Cyclists who ride on pavements face a potential £50 fine. But are our roads so dangerous that cyclists should be allowed to mix with pedestrians, asks motoring journalist and cyclist Maria McCarthy.
Many years ago, when I was a teenager, I used to cycle the two miles to school and a significant part of my journey was spent on the pavement.
My justification was that it was along a non-residential road packed with fast, dangerous traffic.
The pavement was usually virtually empty – a rare pedestrian would give me a dirty look, but I felt that was a small price to pay for arriving at school in one piece.
Cyclists on pavements face £50 fine
However the topic of cyclists on the pavement is highly contentious and has flared up recently.
Transport minister Robert Goodwill, whose brief includes cycling, has re-issued guidelines developed in 1999 in respect to cycling on the pavement.
These guidelines make it an offence punishable by a fixed penalty notice of £50, but also allow the police to use their discretion when enforcing the rule.
A Department for Transport (DfT) spokesperson says: "Enforcement is a matter for the police, however we endorse their approach of showing discretion."
Such discretion might occur "in instances where a cyclist is using the pavement alongside a dangerous section of road out of fear of traffic, but is mindful not to put pedestrians at risk".
Hopefully if I'd been stopped by a policeman, I'd have been let off. But the issue of discretion is a tricky one.
On the one hand, it's perfectly understandable that cyclists can feel threatened on busy roads. I certainly do myself, and only cycle off-road or on quiet streets.
But then, if cyclists move onto the pavement, pedestrians can feel unsafe.
"No way should cyclists be allowed to ride on the pavement," says journalist Louise Bolotin, 52, from Manchester.
"It'll just mean forcing pedestrians into walls or on to kerbs, and often facing a mouthful of abuse for being in the way."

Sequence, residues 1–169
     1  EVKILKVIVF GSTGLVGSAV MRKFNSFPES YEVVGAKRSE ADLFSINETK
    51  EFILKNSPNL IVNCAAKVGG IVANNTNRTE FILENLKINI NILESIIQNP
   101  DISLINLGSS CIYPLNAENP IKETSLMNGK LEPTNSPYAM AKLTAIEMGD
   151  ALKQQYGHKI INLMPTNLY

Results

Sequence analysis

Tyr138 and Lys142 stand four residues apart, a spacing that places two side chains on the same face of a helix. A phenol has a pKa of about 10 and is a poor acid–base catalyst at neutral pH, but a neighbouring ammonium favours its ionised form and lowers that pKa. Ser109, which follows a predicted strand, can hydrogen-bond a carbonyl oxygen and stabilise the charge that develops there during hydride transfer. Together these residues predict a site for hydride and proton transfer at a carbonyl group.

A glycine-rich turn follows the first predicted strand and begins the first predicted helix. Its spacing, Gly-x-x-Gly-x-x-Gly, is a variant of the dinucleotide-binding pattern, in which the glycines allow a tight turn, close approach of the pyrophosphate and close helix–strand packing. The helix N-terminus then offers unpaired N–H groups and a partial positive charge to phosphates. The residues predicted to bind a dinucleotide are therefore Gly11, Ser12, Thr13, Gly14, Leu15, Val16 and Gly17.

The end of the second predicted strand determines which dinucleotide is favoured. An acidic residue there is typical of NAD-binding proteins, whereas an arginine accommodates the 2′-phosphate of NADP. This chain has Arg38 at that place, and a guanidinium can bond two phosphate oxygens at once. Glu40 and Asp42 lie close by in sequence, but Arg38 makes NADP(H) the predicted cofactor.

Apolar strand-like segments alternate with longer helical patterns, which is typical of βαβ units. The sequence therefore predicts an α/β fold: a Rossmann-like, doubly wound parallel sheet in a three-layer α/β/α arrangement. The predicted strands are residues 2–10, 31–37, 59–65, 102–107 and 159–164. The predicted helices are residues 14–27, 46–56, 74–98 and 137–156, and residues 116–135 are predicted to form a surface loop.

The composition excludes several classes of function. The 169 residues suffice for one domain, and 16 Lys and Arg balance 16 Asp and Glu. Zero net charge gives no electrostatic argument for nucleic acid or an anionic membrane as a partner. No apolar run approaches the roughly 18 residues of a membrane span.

Ideally, motorists, cyclists and pedestrians would all be sharing the roads and thoroughfares in a co-operative way.
But the truth is that cyclists often end up feeling bullied by motorists and move onto the pavement, and then pedestrians feel threatened in turn.
And of course, all cyclists, like all motorists, aren't the same.
There's a huge difference in the danger potential between a 60-year-old trundling by on their Raleigh shopper and a Lycra-clad speed freak bombing along at full pelt, for example.
The national cycling charity CTC doesn't condone cycling on the pavement.
But its campaign briefing states that "cyclists are perfectly able to mix harmoniously with pedestrians and, contrary to popular belief, are not a major danger to them".
3,353 pedestrians killed by cars & cyclists
However, pushbikes are capable of doing serious damage, though of course far less than cars.
DfT statistics show that between 2003 and 2012 3,330 pedestrians were killed by cars, while 23 were killed by cyclists.
The records don't cover whether these accidents happened on the road or footways.
In an ideal world of course, we'd have better provision for cyclists. "I lived in Amsterdam for nine years and cycled every day," says Bolotin.
"You won't see Dutch cyclists on the pavements there because almost all roads have cycle lanes.
'Road overhaul needed'
"All the talk about making cities such as Manchester and London bike-friendly is meaningless when the roads are so nightmarish for anyone on two wheels.
"What we need is everything to be re-designed from scratch, from road markings to the availability of bike parking."
But what do we do in the meantime?
Do we allow scared cyclists to take temporary refuge on the pavements? Or say that the pavements belong to pedestrians, and if you're on a bike you've got no right to be there?
What do you think?
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We've also put together the slideshow below of comments about cycling on pavements that people have posted on social networking site Twitter.
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